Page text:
09 SES 12 B, Formative and Summative Assessments
In the context of increasing national and global interest in teacher accountability systems that rely at least in part on measures of student achievement, school districts in the United States, much like their counterparts in other countries, have been prompted to implement policy-directed, although often locally-developed, teacher evaluation systems (American Educational Research Association (AERA), 2015; American Statistical Association (ASA), 2014; Amrein-Beardsley, 2014; Braun, 2005; Collins & Amrein-Beardsley, 2014; Harris, 2011). Such systems are based on the premise that teacher quality can be both defined as a construct and quantified for the expressed purpose of making inferences about the effectiveness of individual teachers as professionals (Weisberg, Sexton, Mulhern, & Keeling, 2009). The construct of teacher quality, its purportedly quantifiable domains, and the inherent inferences generated from its reification in policy and practice must, accordingly, be better understood in terms of their policy contexts.
The purpose of this study was to better understand the perceptions of teachers regarding the purpose, components, implementation, and impact of a new policy-directed teacher evaluation system. To do this, the researcher interviewed elementary and high school teachers in a large suburban school district in the United States and utilized self-narrative as a framework for understanding the “possible lives” teachers construct when telling their stories.
The need to recognize and understand the cultural embeddedness of current educational policies from a global perspective is paramount. Self-narrative as the construction of a longitudinal version of self through storytelling can be aptly applied to contemporary issues in educational policy (Bruner, 1991, 2002), including teacher accountability systems and the impact of such systems on practitioners in context. The cultural and linguistic determinants of self-narrative processes can wield power of their own by structuring experiences and organizing memories—in essence, one’s life becomes the narrative told (Bruner, 2004). In the application of narrative as a framework for teacher evaluation, the researcher recognized the fundamental importance of the culturally- and linguistically-bound “possible lives” from which teachers can choose when telling their self-narratives (Bruner 2004).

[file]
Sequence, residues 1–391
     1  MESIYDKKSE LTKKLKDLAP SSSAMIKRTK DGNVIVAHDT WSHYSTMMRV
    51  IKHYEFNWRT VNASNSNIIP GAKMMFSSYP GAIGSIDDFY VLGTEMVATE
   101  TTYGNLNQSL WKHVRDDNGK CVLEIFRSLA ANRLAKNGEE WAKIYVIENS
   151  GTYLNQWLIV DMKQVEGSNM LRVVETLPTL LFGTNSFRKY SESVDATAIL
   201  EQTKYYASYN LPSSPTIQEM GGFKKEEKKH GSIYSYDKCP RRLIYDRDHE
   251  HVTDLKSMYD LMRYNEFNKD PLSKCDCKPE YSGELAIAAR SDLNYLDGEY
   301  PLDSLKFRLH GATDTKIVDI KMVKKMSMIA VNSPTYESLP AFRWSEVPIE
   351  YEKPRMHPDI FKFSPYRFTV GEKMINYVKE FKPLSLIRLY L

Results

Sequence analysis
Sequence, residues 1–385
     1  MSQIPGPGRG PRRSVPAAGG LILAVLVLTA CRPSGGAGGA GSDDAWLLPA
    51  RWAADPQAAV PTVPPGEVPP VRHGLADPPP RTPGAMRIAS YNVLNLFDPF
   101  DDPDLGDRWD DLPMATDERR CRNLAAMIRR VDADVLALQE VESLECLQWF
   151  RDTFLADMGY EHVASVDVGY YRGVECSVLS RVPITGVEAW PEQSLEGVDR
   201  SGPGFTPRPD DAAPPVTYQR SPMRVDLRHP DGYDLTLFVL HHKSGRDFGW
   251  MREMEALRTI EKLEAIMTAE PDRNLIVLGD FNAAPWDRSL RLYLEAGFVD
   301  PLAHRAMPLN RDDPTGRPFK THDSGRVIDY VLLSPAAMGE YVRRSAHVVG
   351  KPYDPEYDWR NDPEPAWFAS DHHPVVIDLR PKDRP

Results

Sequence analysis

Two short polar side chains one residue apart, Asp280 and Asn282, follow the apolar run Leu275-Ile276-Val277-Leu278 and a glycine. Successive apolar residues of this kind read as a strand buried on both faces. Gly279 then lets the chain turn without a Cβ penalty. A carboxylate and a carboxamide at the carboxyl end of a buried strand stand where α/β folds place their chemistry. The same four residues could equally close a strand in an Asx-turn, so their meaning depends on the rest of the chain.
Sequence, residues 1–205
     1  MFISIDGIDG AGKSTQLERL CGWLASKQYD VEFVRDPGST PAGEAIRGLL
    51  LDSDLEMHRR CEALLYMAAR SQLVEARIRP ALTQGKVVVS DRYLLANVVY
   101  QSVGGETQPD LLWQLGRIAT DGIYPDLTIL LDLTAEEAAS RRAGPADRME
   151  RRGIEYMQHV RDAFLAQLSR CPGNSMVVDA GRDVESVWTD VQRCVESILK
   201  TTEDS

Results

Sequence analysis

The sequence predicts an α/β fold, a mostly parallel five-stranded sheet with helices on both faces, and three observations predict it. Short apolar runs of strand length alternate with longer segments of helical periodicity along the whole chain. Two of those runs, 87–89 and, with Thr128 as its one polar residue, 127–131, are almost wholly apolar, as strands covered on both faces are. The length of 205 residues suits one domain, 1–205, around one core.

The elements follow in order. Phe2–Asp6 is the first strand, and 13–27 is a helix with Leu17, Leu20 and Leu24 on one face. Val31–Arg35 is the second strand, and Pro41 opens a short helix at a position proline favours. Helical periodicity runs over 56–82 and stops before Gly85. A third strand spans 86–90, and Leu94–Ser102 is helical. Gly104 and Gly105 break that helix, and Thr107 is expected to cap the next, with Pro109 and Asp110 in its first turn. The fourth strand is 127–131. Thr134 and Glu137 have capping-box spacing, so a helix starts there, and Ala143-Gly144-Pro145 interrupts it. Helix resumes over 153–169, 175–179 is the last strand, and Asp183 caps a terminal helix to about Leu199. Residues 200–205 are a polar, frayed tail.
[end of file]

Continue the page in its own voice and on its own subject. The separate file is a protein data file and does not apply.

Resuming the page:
As discussed here, the “possible lives” reflect the “policy lives” in which the teachers are enveloped, specifically given the culture-laden and linguistically-bounded definitions under which they must operate when demonstrating their own effectiveness. In this case, teachers across the state were evaluated annually based on locally-developed systems mandated to include measures of professional practice (e.g., most often classroom observations) and student achievement (e.g., based on complex statistical value-added models (VAMs)). The preliminary findings in this study suggest that teachers construct self-narratives bounded in part by the policy-directed effectiveness label they receive as part of the evalution process (i.e., highly effective, effective, developing, ineffective). Teachers rely on these labels when choosing from “possible lives” that focus on their understanding of themselves as a good teacher. Understanding these “policy lives” was a preeminent focus in this study.